I get asked from time to time what I believe makes someone an entrepreneur and invariably I respond by saying that an entrepreneur is someone who sees a problem and says:
I can fix that.
I get asked from time to time what I believe makes someone an entrepreneur and invariably I respond by saying that an entrepreneur is someone who sees a problem and says:
I can fix that.
In today’s Internet-based world, naming your new business and selecting a domain name can have a huge impact – and may help lead to a billion dollar valuation down the road. A few days ago, Steven Boal, CEO of the hugely successful Coupons.com, sat down for a rare video interview with DomainSherpa to talk about his company’s experience with domain names.
On June 8th, Coupons.com announced a $200 million investment that valued the company at $1 billion. Not a bad payoff for low “seven figure” investment in the domain name just 11 years earlier.
When entrepreneurs talk about pivoting, it’s most often because they’ve failed to see a future for their idea. This wasn’t the case with the Y Combinator backed company, Flotype. Flotype’s original idea was to change the way we shop online. Their MVP was an iPad app that greatly improved the shopping experience. Early user feedback was fantastic, and they received an invest offer of one million dollars.
They were ready to go full steam a head with their shopping idea until Paul Graham talked them out of it. Don’t miss this 12 minute interview with Darshan Shankar (a co-founder of Flotype) where he explains why they took Paul Graham’s advice and decided to pivot.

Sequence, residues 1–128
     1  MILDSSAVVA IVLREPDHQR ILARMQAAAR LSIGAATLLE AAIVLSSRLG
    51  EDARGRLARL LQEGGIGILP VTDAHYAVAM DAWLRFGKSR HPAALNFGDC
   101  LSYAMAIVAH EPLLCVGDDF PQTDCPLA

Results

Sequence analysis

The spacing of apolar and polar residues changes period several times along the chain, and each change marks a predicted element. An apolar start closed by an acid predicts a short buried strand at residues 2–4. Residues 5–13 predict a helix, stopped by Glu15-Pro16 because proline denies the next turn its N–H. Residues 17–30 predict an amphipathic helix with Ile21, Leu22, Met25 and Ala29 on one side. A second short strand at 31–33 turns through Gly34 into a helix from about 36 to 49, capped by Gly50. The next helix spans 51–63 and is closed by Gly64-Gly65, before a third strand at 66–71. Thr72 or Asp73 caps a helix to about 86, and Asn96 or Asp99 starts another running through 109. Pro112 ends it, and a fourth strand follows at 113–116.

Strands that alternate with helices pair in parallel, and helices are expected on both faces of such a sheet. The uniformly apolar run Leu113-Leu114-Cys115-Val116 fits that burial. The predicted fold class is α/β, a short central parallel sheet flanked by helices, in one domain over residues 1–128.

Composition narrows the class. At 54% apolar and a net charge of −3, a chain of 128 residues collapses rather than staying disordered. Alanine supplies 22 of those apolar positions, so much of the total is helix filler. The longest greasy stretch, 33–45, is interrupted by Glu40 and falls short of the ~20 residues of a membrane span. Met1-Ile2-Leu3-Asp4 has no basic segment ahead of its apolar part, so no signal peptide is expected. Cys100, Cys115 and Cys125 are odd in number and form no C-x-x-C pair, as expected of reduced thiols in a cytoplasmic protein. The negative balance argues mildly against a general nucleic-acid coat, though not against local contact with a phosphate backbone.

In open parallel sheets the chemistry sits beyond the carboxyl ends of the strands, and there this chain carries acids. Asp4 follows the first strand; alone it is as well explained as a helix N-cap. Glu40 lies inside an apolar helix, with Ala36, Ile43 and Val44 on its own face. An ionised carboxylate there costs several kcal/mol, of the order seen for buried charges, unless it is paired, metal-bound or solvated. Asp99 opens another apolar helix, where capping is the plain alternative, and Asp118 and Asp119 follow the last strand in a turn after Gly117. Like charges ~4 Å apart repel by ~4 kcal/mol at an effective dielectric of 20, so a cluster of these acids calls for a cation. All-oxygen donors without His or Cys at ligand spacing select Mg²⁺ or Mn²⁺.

“Can a product be built?” is now an irrelevant question for the majority of startups. Services like AWS, EC2, and Rackspace, let you build scalable services that would have been impossible to build a few years ago (unless you raised millions of dollars). Now any decent programer can feasibly build a product that can scale to tens of thousands of users (or more) from their garage. The game has completely changed in a few short years. The playing field has been leveled.
The most pressing question a startup now must answer is “Should this be built?”.
It’s much easier to be concerned about the “good problems” (how is this going to scale to millions of users) than the real problem – “What if no one cares?”.
I learned this lesson the hard way:
Do you have any customers?
When I was in college, I worked in the Admissions Office to help pay my way though school. I learned the ins and the outs of the Admissions department. I studied our marketing materials and would often ask potential students what they thought of our advertising efforts. I did this for about a year. I believed I knew exactly where my schools strengths and weaknesses were in promotional materials.
Fast forward a few months to when I had my own company that was working on mobile applications. I decided it would be a great idea to leverage my experience working in an Admissions office to build an iPad app that solved all of their pain points. After all, I did believe I had a good grip on the industry.